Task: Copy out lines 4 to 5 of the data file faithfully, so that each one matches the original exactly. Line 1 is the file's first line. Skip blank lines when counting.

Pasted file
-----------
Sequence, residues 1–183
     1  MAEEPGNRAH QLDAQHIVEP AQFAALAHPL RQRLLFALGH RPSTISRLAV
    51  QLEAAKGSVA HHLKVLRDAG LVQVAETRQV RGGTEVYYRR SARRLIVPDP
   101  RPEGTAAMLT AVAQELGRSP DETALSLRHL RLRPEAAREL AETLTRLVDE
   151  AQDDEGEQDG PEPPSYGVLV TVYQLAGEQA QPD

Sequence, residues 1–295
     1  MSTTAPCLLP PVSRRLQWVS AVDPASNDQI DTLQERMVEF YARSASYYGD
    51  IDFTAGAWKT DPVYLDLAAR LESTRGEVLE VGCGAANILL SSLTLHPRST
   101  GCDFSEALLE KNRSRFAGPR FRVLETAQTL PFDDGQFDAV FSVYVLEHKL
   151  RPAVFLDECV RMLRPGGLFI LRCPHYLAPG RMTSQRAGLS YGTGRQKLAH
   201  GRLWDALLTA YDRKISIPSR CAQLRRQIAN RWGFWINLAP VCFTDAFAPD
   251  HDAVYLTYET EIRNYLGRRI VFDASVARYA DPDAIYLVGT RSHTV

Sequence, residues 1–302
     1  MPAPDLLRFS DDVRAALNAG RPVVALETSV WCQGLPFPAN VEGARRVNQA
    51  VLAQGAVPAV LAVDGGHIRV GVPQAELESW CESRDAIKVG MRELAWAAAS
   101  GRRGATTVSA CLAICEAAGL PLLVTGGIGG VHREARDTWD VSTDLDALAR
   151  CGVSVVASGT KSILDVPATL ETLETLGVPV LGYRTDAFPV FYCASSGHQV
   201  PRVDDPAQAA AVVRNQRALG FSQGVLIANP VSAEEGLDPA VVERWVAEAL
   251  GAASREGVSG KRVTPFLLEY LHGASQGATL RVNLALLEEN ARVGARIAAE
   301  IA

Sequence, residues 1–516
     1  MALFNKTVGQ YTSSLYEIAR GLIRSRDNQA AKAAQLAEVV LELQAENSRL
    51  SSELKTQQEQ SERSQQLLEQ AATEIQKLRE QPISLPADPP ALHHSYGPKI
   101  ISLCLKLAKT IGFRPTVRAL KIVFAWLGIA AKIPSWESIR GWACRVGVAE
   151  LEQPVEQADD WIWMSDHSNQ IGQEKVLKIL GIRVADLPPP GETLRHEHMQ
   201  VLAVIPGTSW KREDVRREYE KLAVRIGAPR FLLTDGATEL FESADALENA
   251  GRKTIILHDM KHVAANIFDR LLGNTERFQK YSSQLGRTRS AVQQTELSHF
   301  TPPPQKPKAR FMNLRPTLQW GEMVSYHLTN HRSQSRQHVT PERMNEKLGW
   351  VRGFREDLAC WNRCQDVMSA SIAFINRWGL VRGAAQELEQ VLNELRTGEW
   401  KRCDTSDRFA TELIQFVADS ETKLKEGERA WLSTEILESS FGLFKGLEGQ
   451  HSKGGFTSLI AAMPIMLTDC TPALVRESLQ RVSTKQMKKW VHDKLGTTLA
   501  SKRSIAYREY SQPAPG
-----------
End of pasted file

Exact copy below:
   101  RPEGTAAMLT AVAQELGRSP DETALSLRHL RLRPEAAREL AETLTRLVDE
   151  AQDDEGEQDG PEPPSYGVLV TVYQLAGEQA QPD